More than a year later, by March 2021, the news shifted toward cargo congestions at North American ports, spiking consumer demand, shortfalls in semiconductor chips leading to automotive factory shutdowns, and the lack of available shipping containers as international trade picked up

And as vaccines became available, just about every so-called expert raised the spectre of not enough injections for everyone due to weaknesses in global supply chains.

But is all the fuss pointing to real problems in supply chains?  Or are they just exaggerations exacerbated by media and analysts seeking attention?

The COVID-19 pandemic disrupted just about every enterprise on Earth.

  • Many saw the emptied grocery shelves and many more waited in long lines to buy medicines and toiletries. 
  • Farmers threw away vegetables and poultry business owners cut production as inventories grew and demand fell.  There was plenty of food available in 2020 and then there were the shortages, particularly meat, in 2021; 
  • It wasn’t easy for some of us to find spare parts for fixing our cars, trucks, or motorcycles.  This was especially true as some car dealers and shops closed due to lockdown restrictions.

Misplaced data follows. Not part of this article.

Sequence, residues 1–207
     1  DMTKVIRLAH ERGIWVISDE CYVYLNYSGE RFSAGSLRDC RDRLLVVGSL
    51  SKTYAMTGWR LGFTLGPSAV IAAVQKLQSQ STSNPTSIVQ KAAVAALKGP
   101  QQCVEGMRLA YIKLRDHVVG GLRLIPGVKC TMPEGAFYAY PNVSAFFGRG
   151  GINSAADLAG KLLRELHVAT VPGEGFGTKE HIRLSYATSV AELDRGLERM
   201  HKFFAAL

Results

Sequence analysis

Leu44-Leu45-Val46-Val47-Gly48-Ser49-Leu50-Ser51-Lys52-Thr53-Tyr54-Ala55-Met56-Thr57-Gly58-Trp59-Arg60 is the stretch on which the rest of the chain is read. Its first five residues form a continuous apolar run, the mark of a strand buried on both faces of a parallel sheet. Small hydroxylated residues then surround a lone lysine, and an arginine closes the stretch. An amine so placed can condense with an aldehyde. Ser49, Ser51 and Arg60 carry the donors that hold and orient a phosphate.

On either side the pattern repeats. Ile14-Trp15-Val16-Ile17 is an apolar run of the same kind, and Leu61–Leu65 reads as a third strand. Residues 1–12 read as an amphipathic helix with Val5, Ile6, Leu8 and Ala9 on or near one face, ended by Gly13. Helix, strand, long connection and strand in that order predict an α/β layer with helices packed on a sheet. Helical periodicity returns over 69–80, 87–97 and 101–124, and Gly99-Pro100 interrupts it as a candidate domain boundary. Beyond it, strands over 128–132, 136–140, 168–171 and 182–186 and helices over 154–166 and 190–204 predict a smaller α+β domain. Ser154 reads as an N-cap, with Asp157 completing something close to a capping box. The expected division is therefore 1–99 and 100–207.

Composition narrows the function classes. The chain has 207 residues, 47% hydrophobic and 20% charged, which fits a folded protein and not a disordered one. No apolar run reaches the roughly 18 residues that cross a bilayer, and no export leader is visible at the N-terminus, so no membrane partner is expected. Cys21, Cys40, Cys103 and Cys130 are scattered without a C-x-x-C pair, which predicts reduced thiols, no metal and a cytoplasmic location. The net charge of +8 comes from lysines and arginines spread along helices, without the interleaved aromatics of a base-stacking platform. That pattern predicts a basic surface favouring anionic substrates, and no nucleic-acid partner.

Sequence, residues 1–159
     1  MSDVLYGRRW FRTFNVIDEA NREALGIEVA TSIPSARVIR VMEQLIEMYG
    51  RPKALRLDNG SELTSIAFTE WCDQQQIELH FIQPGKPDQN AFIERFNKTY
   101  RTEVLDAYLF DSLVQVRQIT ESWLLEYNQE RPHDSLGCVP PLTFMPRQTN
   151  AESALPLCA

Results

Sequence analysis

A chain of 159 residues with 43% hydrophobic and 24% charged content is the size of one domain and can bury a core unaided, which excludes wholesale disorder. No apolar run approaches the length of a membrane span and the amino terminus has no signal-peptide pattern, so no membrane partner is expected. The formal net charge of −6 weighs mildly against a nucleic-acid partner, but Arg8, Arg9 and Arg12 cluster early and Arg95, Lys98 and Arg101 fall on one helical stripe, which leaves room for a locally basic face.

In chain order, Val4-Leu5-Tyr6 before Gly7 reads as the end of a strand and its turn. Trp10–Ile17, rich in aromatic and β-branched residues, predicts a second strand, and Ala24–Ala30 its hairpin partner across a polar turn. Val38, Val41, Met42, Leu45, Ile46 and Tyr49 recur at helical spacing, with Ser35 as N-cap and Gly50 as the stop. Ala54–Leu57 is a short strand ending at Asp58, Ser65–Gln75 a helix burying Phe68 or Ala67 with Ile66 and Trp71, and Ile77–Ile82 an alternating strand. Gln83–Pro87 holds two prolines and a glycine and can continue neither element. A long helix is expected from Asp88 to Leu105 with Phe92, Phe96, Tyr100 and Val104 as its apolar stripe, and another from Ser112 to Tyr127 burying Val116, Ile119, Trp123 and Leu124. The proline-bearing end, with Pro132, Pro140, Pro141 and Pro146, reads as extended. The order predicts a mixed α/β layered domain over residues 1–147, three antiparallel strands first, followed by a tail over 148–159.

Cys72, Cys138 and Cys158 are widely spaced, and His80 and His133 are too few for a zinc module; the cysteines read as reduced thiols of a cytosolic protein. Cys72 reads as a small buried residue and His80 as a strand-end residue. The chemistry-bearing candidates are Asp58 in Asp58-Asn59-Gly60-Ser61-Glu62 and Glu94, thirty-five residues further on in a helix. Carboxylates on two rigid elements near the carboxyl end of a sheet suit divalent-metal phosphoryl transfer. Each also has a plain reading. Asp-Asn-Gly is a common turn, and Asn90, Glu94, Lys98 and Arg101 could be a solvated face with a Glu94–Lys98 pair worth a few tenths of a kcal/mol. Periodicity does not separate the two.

We realised how fragile product supply chains can be in the era of the pandemic.  And as a result, we have seen the supply chain landscape changing before our very eyes.

So, yes, there are real problems in supply chains and no, the media weren’t exaggerating about those problems. 

The Ever Given wasn’t a wake-up call but the media attention is.  Supply chains need to be managed in a different light after all the disruptions enterprises have experienced. 

Where do we start? 

I recommend identifying what traits a supply chain should have:

  • They need to be proactive especially when it comes to demand.  Demand is a primary driver of supply chain flow and if it was already hard to predict what customers will buy, it was even more so during the pandemic and likely stay that way in the post-pandemic eras.  Supply chain professionals need to be at least one step ahead in anticipating, capturing, and cultivating demand in the planning and execution of customer fulfilment services. 
  • Many executives believe supply chains need to build in resilience.  Resilience is the ability to recover from difficulties—to spring back into shape after a shock.  I don’t fully agree.  Resilience implies that enterprises roll with the punches of disruptions, taking in hits and then healing afterward.  In my opinion, enterprise supply chains should learn to parry; they should build in resistance to whatever a bad disruption may bring.   Supply chains therefore should be versatile.  Enterprises shouldn’t just be ready to adapt or resist disruption; they should also be ready to initiate disruption.  And what does an enterprise need to manifest that?  Versatility